I've made a Turducken every year for the past several years as part of an end-of-year gathering with friends. This year, we have a pescetarian (no meat but fish is fine) coming as well, and I'd like to do something analogous for him. I'm wondering if anyone has any experience with the challenges of putting a fish in a fish in a fish.

Some of the limited suggestions I've found online propose an innermost layer of some kind of "fish mousse" or crab meat or equivalent. Not bad suggestions, but there's a certain aesthetic appeal to the profile cut and appreciating the layers of meat fish that I'd like to maintain if possible.

Does anyone have any experience with this or ideas?


UPDATE: I stopped by the local fish market today to talk things through with the folks there. They are willing to debone the fish for me*. I am enamored with the idea of a strictly fish-in-fish-in-fish setup (e.g. no cheating with crustacean meat), but not tied too firmly to it. Their initial suggestion was an outer layer of salmon, a middle fish of something light and white (e.g. whitefish, haddock, maybe cod), and for the innermost: butterfish. The market owner wasn't there today (Sunday), but I'm going to talk this through with him tomorrow as well.

Re cooking: I unfortunately have neither experience nor the requisite equipment for sous-vide. I concur that layering largely independently-cooked fillets may be the best means of preparing this dish. If outermost fish still has head, skin, and scales I imagine the whole dish can be assembled in a manner that hides the actual preparation (and probably spends a little time under heat as a whole assembly, to allow flavors to blend). The market owner is a chef as well, so I'm hoping that talking this through with him tomorrow will be helpful.

*General Advice for others interested: After 6 years of making turduckens, I am quite capable of deboning the birds myself but have found that having a professional do it for me is $20 very well spent.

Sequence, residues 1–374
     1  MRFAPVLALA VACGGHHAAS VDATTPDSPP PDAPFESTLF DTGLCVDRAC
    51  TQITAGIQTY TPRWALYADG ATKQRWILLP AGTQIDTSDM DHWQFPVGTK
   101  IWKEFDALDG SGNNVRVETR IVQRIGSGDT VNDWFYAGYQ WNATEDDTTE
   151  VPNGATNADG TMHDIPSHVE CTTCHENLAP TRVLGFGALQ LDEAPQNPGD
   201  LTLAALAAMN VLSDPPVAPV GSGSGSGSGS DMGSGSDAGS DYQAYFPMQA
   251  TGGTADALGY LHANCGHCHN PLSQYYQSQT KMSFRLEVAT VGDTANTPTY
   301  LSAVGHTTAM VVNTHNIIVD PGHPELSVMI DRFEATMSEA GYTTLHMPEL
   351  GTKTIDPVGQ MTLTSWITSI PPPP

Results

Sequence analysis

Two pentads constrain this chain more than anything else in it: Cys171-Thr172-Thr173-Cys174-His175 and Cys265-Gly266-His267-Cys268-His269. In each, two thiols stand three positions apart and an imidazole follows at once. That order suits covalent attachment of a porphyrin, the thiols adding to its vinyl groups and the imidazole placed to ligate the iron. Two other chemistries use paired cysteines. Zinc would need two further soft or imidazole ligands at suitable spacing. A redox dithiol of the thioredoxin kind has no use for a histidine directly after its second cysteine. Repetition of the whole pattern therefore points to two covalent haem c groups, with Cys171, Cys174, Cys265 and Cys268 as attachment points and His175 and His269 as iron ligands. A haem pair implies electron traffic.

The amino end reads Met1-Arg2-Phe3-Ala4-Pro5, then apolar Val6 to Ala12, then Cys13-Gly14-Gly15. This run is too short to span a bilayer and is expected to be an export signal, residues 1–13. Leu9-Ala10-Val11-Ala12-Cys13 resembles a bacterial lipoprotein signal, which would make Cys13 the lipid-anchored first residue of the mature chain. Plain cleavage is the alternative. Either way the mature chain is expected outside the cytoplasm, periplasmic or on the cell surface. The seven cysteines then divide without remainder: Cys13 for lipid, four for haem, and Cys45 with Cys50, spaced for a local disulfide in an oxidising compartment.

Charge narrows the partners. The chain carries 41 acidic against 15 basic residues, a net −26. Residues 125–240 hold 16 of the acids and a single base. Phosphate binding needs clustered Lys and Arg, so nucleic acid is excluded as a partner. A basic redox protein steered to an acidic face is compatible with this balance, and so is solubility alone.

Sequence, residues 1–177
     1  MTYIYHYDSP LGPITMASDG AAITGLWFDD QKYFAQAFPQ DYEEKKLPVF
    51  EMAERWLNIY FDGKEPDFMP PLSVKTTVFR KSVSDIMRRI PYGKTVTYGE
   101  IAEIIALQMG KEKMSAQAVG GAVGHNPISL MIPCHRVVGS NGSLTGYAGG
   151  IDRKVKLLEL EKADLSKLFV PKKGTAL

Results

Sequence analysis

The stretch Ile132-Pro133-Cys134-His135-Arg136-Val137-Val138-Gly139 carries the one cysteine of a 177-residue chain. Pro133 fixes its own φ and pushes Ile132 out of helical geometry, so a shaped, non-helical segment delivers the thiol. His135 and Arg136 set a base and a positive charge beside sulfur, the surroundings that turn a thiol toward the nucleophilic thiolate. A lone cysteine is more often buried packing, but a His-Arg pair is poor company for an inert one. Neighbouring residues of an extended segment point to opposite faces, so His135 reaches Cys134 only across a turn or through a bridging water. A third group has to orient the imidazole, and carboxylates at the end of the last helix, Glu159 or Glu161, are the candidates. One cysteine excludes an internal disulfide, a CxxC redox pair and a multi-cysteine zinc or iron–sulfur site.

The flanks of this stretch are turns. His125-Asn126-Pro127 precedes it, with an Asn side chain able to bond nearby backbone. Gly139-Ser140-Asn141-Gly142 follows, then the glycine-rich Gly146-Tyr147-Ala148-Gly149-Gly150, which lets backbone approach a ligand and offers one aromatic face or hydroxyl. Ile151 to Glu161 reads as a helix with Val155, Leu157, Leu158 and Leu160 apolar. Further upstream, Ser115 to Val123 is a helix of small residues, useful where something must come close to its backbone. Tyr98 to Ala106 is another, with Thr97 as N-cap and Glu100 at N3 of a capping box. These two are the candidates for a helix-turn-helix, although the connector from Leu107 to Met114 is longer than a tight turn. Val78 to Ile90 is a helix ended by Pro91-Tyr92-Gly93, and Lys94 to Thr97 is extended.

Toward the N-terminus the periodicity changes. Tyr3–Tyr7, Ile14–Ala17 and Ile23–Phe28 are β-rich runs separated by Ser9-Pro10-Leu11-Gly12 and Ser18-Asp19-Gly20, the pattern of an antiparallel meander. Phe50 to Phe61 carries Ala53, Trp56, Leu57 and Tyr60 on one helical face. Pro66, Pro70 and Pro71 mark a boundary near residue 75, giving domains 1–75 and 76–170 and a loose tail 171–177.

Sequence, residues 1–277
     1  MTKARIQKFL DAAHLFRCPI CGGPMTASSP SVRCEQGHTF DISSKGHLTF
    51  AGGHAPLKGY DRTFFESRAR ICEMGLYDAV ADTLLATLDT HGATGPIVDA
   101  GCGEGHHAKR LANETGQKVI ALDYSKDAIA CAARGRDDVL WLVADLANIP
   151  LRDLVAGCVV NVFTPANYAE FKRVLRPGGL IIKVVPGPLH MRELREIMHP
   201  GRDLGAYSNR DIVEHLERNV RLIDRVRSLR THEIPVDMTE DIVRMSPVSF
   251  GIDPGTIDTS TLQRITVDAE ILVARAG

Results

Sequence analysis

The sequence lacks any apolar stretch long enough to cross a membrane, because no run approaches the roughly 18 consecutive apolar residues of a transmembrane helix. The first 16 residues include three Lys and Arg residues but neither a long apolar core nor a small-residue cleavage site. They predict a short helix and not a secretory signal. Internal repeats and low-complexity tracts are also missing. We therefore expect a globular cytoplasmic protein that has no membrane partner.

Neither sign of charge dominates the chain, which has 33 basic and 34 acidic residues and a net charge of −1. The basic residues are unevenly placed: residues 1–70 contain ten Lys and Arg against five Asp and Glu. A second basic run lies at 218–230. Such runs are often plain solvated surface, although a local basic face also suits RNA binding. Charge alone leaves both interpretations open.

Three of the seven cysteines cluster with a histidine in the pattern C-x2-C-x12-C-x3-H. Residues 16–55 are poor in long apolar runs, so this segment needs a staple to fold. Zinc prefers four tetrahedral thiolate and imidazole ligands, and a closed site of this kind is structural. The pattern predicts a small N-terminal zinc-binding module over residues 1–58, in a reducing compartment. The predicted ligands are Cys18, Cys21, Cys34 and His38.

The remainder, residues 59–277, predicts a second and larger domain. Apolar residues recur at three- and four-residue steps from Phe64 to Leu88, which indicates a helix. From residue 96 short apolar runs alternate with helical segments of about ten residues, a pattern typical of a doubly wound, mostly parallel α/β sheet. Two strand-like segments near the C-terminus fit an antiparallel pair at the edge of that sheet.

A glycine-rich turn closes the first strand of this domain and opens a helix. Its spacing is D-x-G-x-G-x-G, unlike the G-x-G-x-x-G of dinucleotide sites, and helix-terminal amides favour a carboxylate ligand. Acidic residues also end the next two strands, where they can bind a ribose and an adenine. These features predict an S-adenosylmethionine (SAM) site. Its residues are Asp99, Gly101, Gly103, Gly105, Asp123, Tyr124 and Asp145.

• Just a random idea I've never tried so I won't post as an answer, but for the inside fish I'd consider quickly frying and chilling quickly so you really only have to warm it back up while the outside fish is cooking. Maybe some anchovies would give a nice salty burst on the inside also. That way you could get layers of crispy skin as well.
    – PeterJ
    Dec 15, 2013 at 12:39
  • Post a picture of the final dish!
    – Jolenealaska
    Dec 15, 2013 at 20:59
  • Of course! I intend to photograph the whole process :)
    – Pat
    Dec 15, 2013 at 21:04
  • @Pat If you get a chance to meet me in chat while you're still pinning this down, I'd love to continue to play :) Mousse and stuffing ideas and that kind of thing are kind of right up my alley!
    – Jolenealaska
    Dec 16, 2013 at 16:40
  • @Pat - are photos published somewhere? I am curious how it ended. May 27, 2017 at 19:25

2 Answers 2


Unquestionably, I'd consider the colors of the fish. It seems a natural that your outer fish should be salmon (head, tail and skin intact, scaled, gutted, with spine and rib bones removed). I'd try to present the whole thing as if it were a whole salmon. Cut through the center of the salmon for presentation, that could be a tremendous presentation. (You've got me interested, I want to try this myself! :) For the inner fish varieties, consider very clean fillets of fish of different levels of oiliness and color of cooked flesh. Maybe halibut for the middle of the 3 layers and tuna for the center? It would be a neat trick if you could somehow fully cook the outer layers but keep the inner tuna layer rare. I'd stuff the very center of the whole thing with some kind of shrimp or crab mousse. I'd spread a deeply flavored and colored compound butter on the outer surfaces of the other fish. What fun! Good luck.

EDIT: SAJ14SAJ mentions sous-vide as a good cooking method. I concur. If you do that or very carefully poach the outer two fishes in advance, then sear the tuna and assemble everything, it could be epic. The tricky thing is deboning the outer fish. Here's a video showing the technique Deboning a Whole Trout. You might even consider presenting the whole thing chilled. Chilled, I'd forgo the butter and use brightly colored mousses between the layers of fish instead.


Unlike poultry which can be boned out, and then the cavity stuffed, fish tend to break down into two basic fillets. This makes a large scale stuffing application more challenging.

For this reason, you may be better off trying to create a strata (layered dish) or a roulade (rolled dish).

If I were to peruse this idea, I would suggest a roulade as the most striking presentation.

You will want firmer fish that is harder to overcook, and that can handle the manipulation required to make your roulade or strata. You also will want fish that is best served by being cooked through, rather than something like a blue fined tuna.

Four layers such as:

  • Salmon (for color)
  • Crab mousse
  • Cod (contrasting color)
  • Breadcrumb stuffing

To cook such a thing, you probably need to gently poach it. Sous-vide methods, if you have the equipment, would almost certainly work well, as they would substantially reduce the risk of overcooking, and the bag would help retain the shape until the fish sets.

  • 4
    Removing the ribs and spine of a big whole fish (like salmon) is doable (I've seen it) but it would be far beyond my abilities. Masaharu Morimoto could do it blindfolded and still have time to make 5 more dishes in one hour.
    – Jolenealaska
    Dec 15, 2013 at 12:23

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